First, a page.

Simon Van Mierlo   
PhD Student
Modelling, Simulation and Design Lab
Department of Mathematics and Computer Science
University of Antwerp
Middelheimcampus, M.G.330
Middelheimlaan 1
Antwerp,
Belgium 2020
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032653870
0484879035
simon.vanmierlo@uantwerpen.be
http://msdl.cs.mcgill.ca/people/simonvm
portrait     
   

I am a PhD student at the University of Antwerp.This page is about the research I have conducted under the supervision of prof. Hans Vangheluwe of the Modelling, Simulation and Design Lab (MSDL). Before my PhD, I finished my master in Computer Science at the University of Antwerp in July 2013.

My research interest is the multi-paradigm modelling of software-intensive systems. In particular, I'm currently researching techniques for the explicit modelling of model simulation environments.


The Explicit Modelling of Model Debugging and Experimentation

The topic of my PhD is the explicit modelling of simulation and experimentation environments which support debugging. More information can be found on my Projects page.

Evolution of Domain-Specific Languages

During my first research internship, I performed a literary study investigating the evolution of domain-specific languages. More specifically, this deals with the co-evolution problem: migrating modelling artefacts such as models and transformations when the metamodel of the domain-specific language with which they were created evolves. During my second research internship, I implemented enabling technology in ArkM3, the metamodelling kernel for the AToMPM tool: I mapped each ArkM3 construct onto a Himesis graph structure. In my master's thesis, I have implemented the necessary functionality to support evolution of domain-specific languages in the research tool AToMPM. More information can be found on my Projects page.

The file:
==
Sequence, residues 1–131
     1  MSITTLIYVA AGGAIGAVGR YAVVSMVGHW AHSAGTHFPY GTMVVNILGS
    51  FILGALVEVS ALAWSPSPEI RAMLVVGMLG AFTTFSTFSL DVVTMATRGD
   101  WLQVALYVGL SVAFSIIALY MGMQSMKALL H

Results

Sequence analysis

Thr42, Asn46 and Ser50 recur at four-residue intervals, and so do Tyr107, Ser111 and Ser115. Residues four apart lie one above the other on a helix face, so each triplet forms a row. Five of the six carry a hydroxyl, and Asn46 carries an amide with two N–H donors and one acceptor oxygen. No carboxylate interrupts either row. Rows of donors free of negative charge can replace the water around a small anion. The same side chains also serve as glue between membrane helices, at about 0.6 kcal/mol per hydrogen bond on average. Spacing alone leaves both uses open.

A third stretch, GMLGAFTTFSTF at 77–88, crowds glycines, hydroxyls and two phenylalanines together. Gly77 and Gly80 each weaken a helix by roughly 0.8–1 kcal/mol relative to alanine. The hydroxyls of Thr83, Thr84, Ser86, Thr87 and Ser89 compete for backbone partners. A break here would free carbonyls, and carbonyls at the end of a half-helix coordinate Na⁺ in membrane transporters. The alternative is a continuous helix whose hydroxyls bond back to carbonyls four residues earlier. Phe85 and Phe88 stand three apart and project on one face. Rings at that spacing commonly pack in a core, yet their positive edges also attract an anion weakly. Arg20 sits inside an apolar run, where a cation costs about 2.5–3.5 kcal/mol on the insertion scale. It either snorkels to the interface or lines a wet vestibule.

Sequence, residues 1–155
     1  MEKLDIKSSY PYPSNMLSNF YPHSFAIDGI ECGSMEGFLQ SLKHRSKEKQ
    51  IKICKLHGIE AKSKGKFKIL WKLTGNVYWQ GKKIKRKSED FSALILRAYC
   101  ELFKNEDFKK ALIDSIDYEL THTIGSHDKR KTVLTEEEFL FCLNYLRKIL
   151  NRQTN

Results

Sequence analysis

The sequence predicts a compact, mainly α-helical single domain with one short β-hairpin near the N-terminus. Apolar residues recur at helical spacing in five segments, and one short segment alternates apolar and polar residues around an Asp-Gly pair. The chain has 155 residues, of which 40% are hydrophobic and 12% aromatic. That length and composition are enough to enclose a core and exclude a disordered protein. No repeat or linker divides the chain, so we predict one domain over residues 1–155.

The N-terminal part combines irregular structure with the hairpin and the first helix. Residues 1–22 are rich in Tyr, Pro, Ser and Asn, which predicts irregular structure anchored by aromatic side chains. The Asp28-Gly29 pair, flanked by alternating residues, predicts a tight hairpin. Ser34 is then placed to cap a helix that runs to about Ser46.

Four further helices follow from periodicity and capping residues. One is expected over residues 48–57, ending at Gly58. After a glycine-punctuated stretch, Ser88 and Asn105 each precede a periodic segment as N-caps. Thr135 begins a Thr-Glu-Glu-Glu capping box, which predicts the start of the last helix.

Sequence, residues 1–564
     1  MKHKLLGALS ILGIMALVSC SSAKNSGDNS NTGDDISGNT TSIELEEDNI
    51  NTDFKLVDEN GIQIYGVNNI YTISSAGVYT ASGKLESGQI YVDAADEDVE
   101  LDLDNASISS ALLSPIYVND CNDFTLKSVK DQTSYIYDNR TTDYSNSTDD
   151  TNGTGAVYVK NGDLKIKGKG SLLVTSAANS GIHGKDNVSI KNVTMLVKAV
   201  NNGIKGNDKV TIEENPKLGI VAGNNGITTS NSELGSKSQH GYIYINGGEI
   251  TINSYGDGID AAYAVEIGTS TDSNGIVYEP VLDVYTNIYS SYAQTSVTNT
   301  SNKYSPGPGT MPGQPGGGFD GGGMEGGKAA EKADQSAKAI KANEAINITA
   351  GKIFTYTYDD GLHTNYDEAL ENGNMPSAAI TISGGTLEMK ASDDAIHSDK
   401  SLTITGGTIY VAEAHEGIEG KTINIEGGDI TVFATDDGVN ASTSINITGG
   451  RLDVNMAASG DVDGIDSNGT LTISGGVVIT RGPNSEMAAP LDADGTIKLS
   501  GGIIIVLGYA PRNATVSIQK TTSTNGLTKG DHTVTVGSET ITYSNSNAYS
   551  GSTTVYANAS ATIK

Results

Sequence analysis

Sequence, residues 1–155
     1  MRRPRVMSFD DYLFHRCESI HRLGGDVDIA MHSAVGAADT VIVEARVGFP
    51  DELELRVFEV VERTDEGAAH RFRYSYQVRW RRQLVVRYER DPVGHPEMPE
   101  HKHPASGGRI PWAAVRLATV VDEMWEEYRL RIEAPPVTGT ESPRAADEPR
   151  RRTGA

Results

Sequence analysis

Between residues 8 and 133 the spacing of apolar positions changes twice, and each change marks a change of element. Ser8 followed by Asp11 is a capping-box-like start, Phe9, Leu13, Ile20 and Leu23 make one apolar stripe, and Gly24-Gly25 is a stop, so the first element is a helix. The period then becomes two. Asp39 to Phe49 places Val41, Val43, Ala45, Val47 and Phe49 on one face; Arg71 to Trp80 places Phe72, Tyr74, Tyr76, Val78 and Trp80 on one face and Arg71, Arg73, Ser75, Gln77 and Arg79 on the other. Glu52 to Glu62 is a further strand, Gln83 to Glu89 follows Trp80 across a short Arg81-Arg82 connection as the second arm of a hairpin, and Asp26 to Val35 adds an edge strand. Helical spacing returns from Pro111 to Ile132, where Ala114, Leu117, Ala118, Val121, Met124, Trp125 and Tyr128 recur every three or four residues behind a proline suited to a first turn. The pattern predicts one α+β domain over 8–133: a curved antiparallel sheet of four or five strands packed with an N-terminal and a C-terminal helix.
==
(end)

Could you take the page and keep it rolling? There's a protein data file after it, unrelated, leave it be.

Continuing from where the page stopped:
Adding Rule-Based Model Transformation to Modelling Languages in MetaEdit+

The subject of one of the projects I did for one of prof. Vangheluwe's coures was the adding of rule-based model transformation to modelling languages in MetaEdit+. The goal of the project was to show that the RAMification process can be used to model transformation languages explicitly, independent of implementation technology. In the project, MetaEdit+ was used as modelling environment. There, transformation rules can be created which define the operational semantics of a domain-specific language. These rules are then exported to Python, where T-Core, a library of graph transformation primitives, is used to execute the transformation. The paper which resulted from this project has been presented at GraBaTs 2012. More information on this project can be found on my Projects page.

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